Anderson v. The Augusta Chronicle

Decision Date03 February 2003
Docket NumberNo. 3597.,3597.
Citation585 S.E.2d 506,355 S.C. 461
PartiesTom ANDERSON, Appellant, v. THE AUGUSTA CHRONICLE, Morris Communications, Inc., Respondents.
CourtSouth Carolina Court of Appeals

John W. Harte, of Aiken, for Appellant.

James M. Holly, of Aiken; and David Hudson, of Augusta, for Respondents.


In this defamation action, Tom Anderson appeals a directed verdict in favor of The Augusta Chronicle and Morris Communications, Inc. (collectively "The Chronicle"). We reverse and remand for a new trial.


In 1996, Tom Anderson ran unsuccessfully for a seat in the South Carolina House of Representatives. During the campaign, two hurricanes hit the coast of North Carolina; Anderson, a claims adjuster specializing in natural disasters, traveled to North Carolina to process insurance claims. As a result, Anderson was out of the state for ten weeks of the election season.

The next year, following redistricting, Anderson prepared to run again in a special election for the same House seat. Chad Bray, a reporter for The Chronicle, phoned Anderson twice to discuss the previous campaign. On April 6, 1997, The Chronicle published an article by Bray concerning the special election and stating in relevant part:

The Democrats [sic] best hope—other than Mr. Clyburn— may be Tom Anderson. He's expected to seek a rematch against state Rep. Roland Smith, R-Langley, Mr. Brown said.
Mr. Anderson took 32 percent of the vote in District 84 when he ran against Mr. Smith in 1996, even though he was out of the area with the National Guard during the final weeks of the election.

At some point thereafter, Anderson announced his candidacy and again spoke with Bray by phone. According to Anderson, the subject of his absence during the 1996 campaign did not come up during the call. On June 3, The Chronicle published another article by Bray about the special election. In pertinent part, the article stated:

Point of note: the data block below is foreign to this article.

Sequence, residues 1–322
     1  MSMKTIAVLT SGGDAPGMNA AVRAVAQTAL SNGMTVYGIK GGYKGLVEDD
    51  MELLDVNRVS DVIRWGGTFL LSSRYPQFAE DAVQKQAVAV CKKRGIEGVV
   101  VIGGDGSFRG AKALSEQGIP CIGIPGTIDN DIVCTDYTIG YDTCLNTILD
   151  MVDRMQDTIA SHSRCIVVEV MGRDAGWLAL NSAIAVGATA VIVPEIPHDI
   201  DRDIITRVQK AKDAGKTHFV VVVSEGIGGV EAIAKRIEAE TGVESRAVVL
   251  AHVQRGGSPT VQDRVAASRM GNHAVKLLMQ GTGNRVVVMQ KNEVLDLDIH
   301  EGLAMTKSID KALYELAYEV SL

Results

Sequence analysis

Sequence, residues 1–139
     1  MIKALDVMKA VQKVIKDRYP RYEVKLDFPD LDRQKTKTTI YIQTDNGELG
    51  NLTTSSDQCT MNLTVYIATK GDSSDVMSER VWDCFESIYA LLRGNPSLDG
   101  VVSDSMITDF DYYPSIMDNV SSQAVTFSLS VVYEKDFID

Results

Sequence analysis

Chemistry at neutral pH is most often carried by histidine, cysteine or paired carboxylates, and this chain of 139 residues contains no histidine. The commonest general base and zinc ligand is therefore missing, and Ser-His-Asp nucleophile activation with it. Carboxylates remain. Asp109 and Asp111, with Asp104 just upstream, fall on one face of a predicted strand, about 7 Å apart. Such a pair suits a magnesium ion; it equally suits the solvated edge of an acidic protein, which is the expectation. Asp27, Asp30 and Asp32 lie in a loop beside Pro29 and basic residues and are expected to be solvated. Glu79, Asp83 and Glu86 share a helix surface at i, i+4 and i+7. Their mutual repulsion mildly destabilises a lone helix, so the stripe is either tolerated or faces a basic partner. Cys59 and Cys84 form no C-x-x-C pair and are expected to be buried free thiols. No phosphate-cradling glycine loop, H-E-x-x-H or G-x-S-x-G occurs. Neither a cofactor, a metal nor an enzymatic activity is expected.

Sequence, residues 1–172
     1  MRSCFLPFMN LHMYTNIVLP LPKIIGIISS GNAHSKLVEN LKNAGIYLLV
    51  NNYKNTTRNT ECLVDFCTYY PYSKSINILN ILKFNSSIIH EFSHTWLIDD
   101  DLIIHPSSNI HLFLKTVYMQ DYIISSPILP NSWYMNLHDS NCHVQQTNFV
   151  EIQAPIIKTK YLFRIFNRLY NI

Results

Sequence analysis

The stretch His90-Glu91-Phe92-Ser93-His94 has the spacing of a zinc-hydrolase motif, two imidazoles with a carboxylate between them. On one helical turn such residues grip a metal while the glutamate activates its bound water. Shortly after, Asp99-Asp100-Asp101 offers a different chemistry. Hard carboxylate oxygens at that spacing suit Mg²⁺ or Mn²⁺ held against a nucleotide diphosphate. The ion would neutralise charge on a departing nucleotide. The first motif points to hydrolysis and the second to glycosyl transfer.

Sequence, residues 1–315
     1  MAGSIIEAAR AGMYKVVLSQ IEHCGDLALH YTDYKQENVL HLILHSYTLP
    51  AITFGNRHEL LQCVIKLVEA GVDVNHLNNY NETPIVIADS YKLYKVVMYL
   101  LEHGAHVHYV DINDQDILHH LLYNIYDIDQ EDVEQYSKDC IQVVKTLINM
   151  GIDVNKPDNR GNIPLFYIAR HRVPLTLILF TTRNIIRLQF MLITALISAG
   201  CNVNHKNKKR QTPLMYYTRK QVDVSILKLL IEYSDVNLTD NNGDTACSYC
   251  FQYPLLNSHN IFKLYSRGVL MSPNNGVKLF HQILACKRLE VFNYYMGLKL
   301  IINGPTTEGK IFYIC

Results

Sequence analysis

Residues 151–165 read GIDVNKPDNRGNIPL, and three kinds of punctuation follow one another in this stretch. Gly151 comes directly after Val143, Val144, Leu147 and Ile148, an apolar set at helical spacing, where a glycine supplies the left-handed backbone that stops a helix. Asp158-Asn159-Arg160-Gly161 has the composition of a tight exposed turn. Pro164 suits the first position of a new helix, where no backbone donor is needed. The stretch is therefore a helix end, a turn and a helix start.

Mr. Anderson, a Bath property appraiser, said he felt cheated after being called away for National Guard duty in the last month before the 1996 general election. Mr. Smith eventually won with 67 percent of the vote to Mr. Anderson's 33 percent.

Anderson, who asserts he never told Bray he worked with the National Guard, did not contact The Chronicle following publication of either article to request a retraction or correction.

The following September, John Boyette, The Chronicle's Aiken Bureau Chief, contacted Anderson and asked if he was planning to withdraw from the race since he had been "proven" a liar for stating he was working for the National Guard in 1996. Anderson told Boyette Bray must have misunderstood when he said he had worked for the National Flood Insurance Program (NFIP), an insurance adjuster program operated under the auspices of the Federal Emergency Management Agency (FEMA). The Chronicle published Boyette's article, headlined "GOP wants Anderson out of House race," on September 18. The subheading read: "Clearwater Democratic candidate is accused of lying about his National Guard service." This article stated in part:

The South Carolina Republican Party called for Tom Anderson to drop out of the House District 84 race Wednesday, charging that the Clearwater Democrat lied about service in the National Guard.